Metropolitan Water Reclamation District

Marks 130 Years of Service



Compost, trees and rain barrels do not necessarily come to mind when considering the work of the Metropolitan Water Reclamation District of Greater Chicago (MWRD). The organization serves Chicago and 128 suburban communities to protect area water quality in both local waterways and the drinking water supply in Lake Michigan, while also working to minimize flooding across Cook County.

        Over 130 years, the MWRD’s scope has evolved beyond protecting local water resources to pursuing innovative ways to recover other resources. One example is the new MWRD EQ Compost, in which the MWRD co-composts three parts wood chips with one part biosolids, an organic material that is a product of the wastewater treatment process.

         Biosolids are used as a soil amendment to improve the organic carbon content, structure and porosity of soils to allow plants to more effectively utilize nutrients. Another bonus is that it is available to the public for free. Gardeners can either pick up the compost—“bring your own bucket”—or receive free delivery on orders of 10 cubic yards or more.

        The EQ Compost can be blended with topsoil or potting soil 20 to 50 percent by volume to establish grass, repair lawns, to make a soil blend for planter boxes or pots or for raised vegetable or flower garden beds. It can also be used as mulch.

        Trees are another environmental management tool that contribute clean air, shade, carbon sequestration and protection from wind and noise. Trees also align with the MWRD mission of stormwater management by absorbing water and reducing flooding. In response to the decimation of the area’s tree population due to emerald ash borer infestations and extreme weather, the MWRD launched a Restore the Canopy initiative in 2016.

        Each Wednesday morning at its water reclamation plants, the MWRD gives away free oak tree saplings alongside the compost—more than 64,000 in only three years. Like rain barrels, which the MWRD distributes at cost via its website, the tree saplings work to conserve water, mitigate flooding and improve regional water quality.

 

For more information, visit mwrd.org.

Patrick Thomas is the public affairs specialist for the Metropolitan Water Reclamation District of Greater Chicago. For more information, call 312-751-6633.

 

 

Edit ModuleShow Tags

More from Natural Awakenings

Monitoring for Bees in Midewin

Monitors look for bees in 100-meter transects, spending 30 minutes in each one. Barb Krupa, an undergraduate zoology major at ONU, is active at Midewin as often as three days a week.

Chicago’s Field Museum Involves Public in Monarch Research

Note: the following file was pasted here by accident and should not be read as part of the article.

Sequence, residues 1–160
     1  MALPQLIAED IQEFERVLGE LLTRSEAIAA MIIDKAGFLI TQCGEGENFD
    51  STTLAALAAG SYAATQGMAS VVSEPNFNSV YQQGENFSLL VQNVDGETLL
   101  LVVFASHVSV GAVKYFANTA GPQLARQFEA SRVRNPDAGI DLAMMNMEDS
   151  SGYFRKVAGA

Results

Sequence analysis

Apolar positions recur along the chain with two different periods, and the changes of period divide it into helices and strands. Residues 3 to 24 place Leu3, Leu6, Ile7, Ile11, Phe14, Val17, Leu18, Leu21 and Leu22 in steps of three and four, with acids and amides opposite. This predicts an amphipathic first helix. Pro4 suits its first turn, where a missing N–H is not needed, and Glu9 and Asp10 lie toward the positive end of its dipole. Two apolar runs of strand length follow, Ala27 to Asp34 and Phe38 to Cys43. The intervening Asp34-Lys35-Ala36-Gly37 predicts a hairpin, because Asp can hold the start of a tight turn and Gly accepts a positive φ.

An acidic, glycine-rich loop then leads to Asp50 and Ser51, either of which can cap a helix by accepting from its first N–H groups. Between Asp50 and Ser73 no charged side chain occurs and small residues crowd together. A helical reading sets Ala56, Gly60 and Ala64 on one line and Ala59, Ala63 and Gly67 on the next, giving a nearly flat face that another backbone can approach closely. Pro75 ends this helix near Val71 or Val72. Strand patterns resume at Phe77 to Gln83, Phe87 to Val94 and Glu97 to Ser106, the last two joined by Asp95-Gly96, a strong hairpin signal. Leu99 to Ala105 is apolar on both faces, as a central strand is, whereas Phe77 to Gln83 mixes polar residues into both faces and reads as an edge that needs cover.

Monarch butterflies have experienced an 80 percent population decline over the last 20 years, partly due to loss of milkweed plants, the only food source for monarch caterpillars.

Summer’s Symphony

The project is teaching volunteers to recognize the 12 most commonly heard insects in the Chicago region and how to document them in the field.

Rare Habitat Hosts Unusual Species

There are about 1,000 acres of dolomite prairie on the Midewin. At the core of dolomite prairie is magnesium-rich dolomitic limestone that is home to specialized plants evolved to take advantage of poor, shallow soils.

MASTER GARDENER RESOURCES

Add your comment:
Edit ModuleShow Tags

See More »This Month

Last Call to Enter Chicago Gardening Awards

July 7 is the deadline for entering the third annual Chicago Excellence in Gardening Awards (CEGA), Chicago’s only citywide gardening honors.

New Book Unites Passion and Biology

Dr. Meena Malhotra’s new book, The Biology of Passion, makes the case that passion and the maintenance of that joyful state are dictated more by modifiable biochemistry than uncontrollable emotions.

Safe Haven Charity Run Fights Homelessness

A Safe Haven Foundation will conduct the ninth annual, 5K Run, To End Homelessness beginning at 8:30 a.m., July 13, at Montrose Harbor Grove 16.

Register Now for McHenry County’s Largest Green Event

The McHenry County College (MCC) Sustainability Center will hold its annual Green Living Expo from 10 a.m. to 3 p.m. on November 2.

Letter from The Publisher

This spring has been pretty unfavorable to backyard gardens­—cool, wet, foggy, record rainfall and temps lower than normal.

Midewin Tallgrass Prairie Attracts Community ‘Champions’

This year, a record five Joliet-area companies—DuPont, Ecolab, Exelon, Harrah’s Joliet, and Waste Management of Illinois—were recognized as “Prairie Champions” for supporting ecological restoration at the U.S. Department of Agriculture Forest Service’s Midewin National Tallgrass Prairie, in Wilmington.